Minnesota shutdown ends with signing of $35.7b budget
After a legislative session that dragged on late into the night, Governor Mark Dayton of Minnesota signed new spending plans for the state yesterday, ending the longest and broadest shutdown in state history.
Since July 1, the state’s parks had been barricaded, highway rest stops blocked off, and the Capitol closed. Some 22,000 state workers had been sent home, the state lottery was suspended, and licenses were unavailable, even those for fishing during Minnesota’s treasured warm season.
Restarting the state’s operations now will be no small task, state officials said, calling for patience - more patience - from Minnesotans. Road construction projects, about 100 of which were halted, need to be cleaned up for work to begin again. State offices, including licensing services, are weeks behind on mail, applications, and requests, and it may be weeks more before things are back to normal.
Resolution of the impasse had come, at last, not as a pure victory for either Republicans (who wanted more cuts to solve the state’s $5 billion deficit) or for Democrats (like Dayton, who wanted to raise taxes on the wealthiest residents).
Instead, leaders agreed to spend $35.7 billion over the next two years, which was more than Republicans had hoped, by using borrowing maneuvers to come up with the last $1.4 billion. The state will delay payments to local school districts and borrow money against expected payments from the tobacco industry.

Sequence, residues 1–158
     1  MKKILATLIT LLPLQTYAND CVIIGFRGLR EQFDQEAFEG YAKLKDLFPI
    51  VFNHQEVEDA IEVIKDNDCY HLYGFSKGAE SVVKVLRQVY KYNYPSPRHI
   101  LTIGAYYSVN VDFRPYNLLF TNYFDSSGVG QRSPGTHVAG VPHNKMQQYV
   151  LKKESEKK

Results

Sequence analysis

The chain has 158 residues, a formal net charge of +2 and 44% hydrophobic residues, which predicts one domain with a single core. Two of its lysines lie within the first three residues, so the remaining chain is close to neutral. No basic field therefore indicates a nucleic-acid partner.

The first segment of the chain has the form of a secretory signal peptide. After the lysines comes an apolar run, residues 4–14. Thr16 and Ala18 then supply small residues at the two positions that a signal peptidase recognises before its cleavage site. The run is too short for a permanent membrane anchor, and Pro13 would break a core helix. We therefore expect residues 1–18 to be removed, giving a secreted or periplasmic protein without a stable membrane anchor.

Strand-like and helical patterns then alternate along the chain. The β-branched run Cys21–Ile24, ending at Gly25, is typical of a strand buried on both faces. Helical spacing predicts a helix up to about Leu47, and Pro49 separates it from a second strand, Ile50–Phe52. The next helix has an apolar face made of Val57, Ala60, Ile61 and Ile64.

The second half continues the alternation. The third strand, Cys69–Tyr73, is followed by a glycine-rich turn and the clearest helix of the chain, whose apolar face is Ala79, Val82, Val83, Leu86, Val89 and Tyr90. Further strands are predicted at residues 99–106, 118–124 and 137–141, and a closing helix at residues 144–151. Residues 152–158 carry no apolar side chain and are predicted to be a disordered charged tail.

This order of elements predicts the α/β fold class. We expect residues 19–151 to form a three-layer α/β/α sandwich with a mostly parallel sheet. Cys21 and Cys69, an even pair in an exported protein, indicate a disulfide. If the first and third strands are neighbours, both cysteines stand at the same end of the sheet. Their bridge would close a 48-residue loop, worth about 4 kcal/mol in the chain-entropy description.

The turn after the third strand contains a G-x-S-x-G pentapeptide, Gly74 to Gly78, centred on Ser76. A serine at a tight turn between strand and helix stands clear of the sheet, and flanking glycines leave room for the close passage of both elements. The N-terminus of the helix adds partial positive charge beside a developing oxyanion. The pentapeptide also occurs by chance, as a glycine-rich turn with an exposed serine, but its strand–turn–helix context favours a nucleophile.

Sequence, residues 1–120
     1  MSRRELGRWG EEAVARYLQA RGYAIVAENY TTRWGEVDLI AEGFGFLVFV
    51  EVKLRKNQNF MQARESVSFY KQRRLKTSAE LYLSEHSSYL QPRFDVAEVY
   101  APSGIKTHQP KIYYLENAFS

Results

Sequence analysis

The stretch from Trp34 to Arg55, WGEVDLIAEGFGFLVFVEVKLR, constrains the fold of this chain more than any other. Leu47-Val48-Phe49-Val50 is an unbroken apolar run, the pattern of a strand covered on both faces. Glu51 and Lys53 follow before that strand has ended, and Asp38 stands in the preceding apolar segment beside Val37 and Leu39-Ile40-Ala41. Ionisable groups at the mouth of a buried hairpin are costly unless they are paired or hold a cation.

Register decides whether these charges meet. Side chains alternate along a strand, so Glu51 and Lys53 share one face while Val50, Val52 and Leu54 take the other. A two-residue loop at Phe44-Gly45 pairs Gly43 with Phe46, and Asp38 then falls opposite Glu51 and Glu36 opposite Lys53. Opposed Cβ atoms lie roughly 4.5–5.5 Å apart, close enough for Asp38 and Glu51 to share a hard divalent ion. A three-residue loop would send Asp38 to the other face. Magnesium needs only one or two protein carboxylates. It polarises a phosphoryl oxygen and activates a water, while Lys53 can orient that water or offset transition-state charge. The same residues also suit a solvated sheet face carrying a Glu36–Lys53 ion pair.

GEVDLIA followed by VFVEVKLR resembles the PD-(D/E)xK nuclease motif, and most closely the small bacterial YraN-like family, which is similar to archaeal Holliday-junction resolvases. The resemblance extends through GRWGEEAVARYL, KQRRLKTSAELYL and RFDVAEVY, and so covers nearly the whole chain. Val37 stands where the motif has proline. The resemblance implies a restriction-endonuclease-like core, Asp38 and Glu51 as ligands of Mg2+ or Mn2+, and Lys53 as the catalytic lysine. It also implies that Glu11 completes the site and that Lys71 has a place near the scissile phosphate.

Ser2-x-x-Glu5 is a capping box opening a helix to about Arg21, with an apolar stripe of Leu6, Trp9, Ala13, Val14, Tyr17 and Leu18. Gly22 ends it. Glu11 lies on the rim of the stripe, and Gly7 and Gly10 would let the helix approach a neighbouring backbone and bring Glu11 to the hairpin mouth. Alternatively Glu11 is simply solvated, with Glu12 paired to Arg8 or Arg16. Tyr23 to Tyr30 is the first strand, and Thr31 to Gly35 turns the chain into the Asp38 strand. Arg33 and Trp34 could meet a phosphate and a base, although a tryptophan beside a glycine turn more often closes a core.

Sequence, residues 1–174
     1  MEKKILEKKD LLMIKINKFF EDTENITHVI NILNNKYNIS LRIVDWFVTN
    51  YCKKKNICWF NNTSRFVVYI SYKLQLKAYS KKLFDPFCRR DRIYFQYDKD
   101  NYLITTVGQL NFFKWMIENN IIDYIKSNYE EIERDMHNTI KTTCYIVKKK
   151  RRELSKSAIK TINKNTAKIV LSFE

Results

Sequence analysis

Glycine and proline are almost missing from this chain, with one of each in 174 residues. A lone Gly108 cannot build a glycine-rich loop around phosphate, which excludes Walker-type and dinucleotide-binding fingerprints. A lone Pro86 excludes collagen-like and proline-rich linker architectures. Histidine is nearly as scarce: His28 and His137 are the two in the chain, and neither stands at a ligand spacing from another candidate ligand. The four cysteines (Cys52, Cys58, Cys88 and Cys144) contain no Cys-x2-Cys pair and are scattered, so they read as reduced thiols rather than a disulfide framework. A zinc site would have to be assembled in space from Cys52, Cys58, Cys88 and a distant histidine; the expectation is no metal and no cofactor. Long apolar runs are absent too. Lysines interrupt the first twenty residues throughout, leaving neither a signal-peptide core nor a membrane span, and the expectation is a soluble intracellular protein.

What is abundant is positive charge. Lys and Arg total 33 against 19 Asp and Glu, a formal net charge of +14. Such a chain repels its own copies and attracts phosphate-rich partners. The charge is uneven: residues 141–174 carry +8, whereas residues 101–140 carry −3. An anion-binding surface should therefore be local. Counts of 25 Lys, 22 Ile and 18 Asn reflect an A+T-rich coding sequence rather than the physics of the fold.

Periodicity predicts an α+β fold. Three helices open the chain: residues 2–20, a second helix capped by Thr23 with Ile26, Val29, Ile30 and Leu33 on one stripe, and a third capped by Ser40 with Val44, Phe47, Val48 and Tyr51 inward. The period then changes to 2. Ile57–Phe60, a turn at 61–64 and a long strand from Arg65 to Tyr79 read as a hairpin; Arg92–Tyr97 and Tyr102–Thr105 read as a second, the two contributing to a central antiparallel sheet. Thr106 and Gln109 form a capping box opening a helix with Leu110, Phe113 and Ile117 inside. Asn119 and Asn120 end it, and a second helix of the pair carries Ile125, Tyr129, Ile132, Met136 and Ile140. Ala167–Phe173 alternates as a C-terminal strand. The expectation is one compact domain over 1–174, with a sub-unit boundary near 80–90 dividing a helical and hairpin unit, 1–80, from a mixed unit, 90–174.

Some Republican lawmakers, who control both chambers of the state Legislature for the first time in nearly four decades and will be up for reelection next year, lauded the result as a win because the plan does not raise taxes. But others, in both parties, derided the compromise as merely pushing the state’s financial problems further into the future.
Still, the prospect of reopening Minnesota was cheered by many. Still uncertain was the cost of the 20-day shutdown; many of those who would normally tally such costs were laid off. Some in the state, too, were considering a less tangible cost: How would memories of the shutdown - with people turned away at state parks and politicians going days without talking to one another - affect the state’s image of lovely lakes and relatively efficient government?
As recently as Tuesday, the compromise - reached late last week - appeared in question at moments. Lawmakers needed to vote on a series of bills, and immediately after they began meeting in special session on Tuesday, they adjourned, setting off a new flurry of worries that a deal might be falling apart. Democrats provided little support for the compromise, so the Republican majorities needed significant support.
Not long before dawn yesterday, legislators finished their work.